Colorado Water Conservation Board names Becky Mitchell new director
The Colorado Water Conservation Board is under new management after a rare internal promotion announced this week elevated Becky Mitchell into the director role.
Mitchell most recently served as the CWCB’s section chief for water supply planning, which comprises the branch focused on conservation and drought strategy, as well as meeting statewide supply demands. She also played a pivotal role in devising the Colorado Water Plan that she’ll now be tasked with implementing in the new position.
“I’m most excited about building on existing relationships and hopefully working more on those, to locate solutions where people’s needs and desires intercept — that’s where we’re going to find solutions,” said Mitchell. “A benefit of being involved in the water plan’s development is understanding how we move forward with it, and I have some ideas with that.”
Specifically, Mitchell imagines boosting ownership and responsibility from various interests in achieving conservation and storage goals set forth in the plan through increased collaboration. Education and outreach campaigns to produce methods that help address the supply-demand gap as the state’s population is projected to more than double to 10.5 million by 2050 are other components she sees as key parts of her job.
Mitchell succeeds James Eklund, who after four years left the organization in March to work as an attorney and create private-sector water projects out of the Denver law office of Squire Patton Boggs. Several water agencies feel Mitchell is up to the task.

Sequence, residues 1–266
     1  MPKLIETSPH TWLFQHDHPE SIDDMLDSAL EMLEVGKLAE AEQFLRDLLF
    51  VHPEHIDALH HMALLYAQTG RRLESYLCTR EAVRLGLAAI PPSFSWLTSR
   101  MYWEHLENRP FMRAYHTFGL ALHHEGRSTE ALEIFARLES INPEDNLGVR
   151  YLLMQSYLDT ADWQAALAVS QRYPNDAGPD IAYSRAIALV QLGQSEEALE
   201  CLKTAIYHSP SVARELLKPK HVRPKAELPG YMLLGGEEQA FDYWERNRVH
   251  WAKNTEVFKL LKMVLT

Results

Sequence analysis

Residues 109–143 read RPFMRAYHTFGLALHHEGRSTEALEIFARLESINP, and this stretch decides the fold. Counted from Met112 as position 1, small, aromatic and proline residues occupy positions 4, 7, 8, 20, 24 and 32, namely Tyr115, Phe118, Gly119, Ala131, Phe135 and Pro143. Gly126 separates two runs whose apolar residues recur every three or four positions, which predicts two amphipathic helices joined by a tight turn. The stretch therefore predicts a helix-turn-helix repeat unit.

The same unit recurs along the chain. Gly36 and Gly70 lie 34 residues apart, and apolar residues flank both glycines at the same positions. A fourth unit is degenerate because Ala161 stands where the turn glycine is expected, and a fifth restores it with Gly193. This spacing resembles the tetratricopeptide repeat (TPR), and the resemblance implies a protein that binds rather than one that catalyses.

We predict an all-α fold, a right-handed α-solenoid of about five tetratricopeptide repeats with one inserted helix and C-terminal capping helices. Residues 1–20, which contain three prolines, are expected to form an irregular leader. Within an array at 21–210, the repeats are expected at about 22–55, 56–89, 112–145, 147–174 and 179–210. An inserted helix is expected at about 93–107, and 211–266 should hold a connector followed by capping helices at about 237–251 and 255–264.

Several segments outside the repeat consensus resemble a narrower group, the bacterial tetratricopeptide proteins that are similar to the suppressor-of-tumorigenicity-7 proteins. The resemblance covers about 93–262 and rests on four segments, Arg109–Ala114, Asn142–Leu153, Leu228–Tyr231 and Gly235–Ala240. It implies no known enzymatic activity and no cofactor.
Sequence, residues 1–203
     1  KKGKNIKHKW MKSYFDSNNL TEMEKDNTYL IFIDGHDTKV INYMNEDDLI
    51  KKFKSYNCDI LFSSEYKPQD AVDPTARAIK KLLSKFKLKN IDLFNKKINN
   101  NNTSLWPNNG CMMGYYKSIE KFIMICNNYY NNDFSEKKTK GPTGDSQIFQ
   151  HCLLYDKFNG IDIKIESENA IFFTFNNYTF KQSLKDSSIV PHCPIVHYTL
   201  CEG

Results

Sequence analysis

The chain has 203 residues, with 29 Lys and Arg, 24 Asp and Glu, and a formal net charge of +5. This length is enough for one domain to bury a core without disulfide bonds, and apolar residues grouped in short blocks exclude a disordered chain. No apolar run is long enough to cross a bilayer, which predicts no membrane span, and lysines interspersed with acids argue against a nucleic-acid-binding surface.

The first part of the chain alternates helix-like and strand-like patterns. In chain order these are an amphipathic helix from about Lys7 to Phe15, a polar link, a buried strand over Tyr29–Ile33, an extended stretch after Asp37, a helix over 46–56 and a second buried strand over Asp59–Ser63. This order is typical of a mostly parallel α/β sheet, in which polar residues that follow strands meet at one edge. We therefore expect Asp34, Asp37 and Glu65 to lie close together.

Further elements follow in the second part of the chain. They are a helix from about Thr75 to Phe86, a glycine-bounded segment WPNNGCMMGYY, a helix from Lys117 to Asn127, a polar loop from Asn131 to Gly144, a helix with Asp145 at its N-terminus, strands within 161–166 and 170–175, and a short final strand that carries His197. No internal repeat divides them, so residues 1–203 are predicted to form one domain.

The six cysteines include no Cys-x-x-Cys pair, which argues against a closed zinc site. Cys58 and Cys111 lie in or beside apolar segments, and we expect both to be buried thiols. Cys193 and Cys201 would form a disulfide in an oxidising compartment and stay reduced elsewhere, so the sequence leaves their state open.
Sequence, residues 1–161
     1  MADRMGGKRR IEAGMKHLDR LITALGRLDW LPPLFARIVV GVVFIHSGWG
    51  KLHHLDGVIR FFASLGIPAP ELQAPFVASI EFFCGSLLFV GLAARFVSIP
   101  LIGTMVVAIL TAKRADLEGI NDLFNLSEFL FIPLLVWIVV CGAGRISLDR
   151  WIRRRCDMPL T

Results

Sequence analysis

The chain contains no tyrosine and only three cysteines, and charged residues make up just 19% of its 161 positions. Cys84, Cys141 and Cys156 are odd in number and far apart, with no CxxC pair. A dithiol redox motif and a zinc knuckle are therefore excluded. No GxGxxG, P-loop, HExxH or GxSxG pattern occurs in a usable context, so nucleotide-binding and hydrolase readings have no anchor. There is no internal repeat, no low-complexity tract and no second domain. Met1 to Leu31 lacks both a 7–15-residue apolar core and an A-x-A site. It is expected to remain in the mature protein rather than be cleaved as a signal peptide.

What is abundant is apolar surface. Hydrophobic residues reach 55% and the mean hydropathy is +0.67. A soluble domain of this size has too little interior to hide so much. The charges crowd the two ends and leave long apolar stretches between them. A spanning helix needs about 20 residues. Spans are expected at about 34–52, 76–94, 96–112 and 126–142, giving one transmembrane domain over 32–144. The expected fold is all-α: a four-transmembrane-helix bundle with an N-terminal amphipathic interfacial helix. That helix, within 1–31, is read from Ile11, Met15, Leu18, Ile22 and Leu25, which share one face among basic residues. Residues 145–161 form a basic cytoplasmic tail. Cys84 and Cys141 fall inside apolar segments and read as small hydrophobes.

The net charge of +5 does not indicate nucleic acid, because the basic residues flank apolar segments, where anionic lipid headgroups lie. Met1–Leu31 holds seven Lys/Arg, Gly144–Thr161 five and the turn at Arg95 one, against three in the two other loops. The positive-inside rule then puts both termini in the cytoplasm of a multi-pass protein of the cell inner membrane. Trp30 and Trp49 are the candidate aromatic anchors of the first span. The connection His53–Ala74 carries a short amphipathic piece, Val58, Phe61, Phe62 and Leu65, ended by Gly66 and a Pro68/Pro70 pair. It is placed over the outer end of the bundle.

“She’s a recognized figure within the water community, and was involved in the process of drafting the water plan and several other important projects,” said Kristin Green, Front Range field manager for environmental protection group Conservation Colorado. “In working with Becky, she has a proven ability to reach out to diverse stakeholders and shows concern for different interests, which is important for implementing this plan and managing water in Colorado.”
“She can continue the momentum, as challenging as that is, and she’s earned the right,” added Jim Pokrandt of the public water policy Colorado River District. “She’s come up through the ranks, she’s there and has a lot of institutional knowledge and knows the ropes. It’s great to have somebody who can hit the ground running because she’s already on the ground running from her previous position.”
After years of negotiations and outlining, Gov. John Hickenlooper formally introduced the Colorado Water Plan in November 2015 to try and prepare for that glut of new residents arriving to the state annually. Over the next 30-plus years, it aims to establish 400,000 more acre-feet (the U.S. standard measure for water quantity) in urban conservation, that same amount in new storage, and the sharing of 50,000 more acre-feet currently used for agricultural needs through technological advances.
Mitchell, who holds a bachelor’s of science and master’s in environmental science and engineering from the Colorado School of Mines, and has worked in both the public and private sectors as a consulting engineer, agrees that the obstacle in financing is the largest to overcome to expand implementation. She believes, however, that a large budgetary commitment — tens of millions of dollars toward projects — from the state Legislature in the most recent session speaks volumes about its commitment to ultimately seeing the plan through.
“Funding was definitely called out in the water plan and is something we’re aware of, because it’s expensive to implement all of these things on the ground,” said Mitchell. “It’s not just the Water Conservation Board’s responsibility, though. The Legislature said very loudly and clearly there needed to be a diverse focus on use of those funds, to address the supply-demand gap, storage, and strategies for conservation, land-use and drought planning. The funding is set aside to tap storage, but also for across the board to find ways to move the needle on our water future.”
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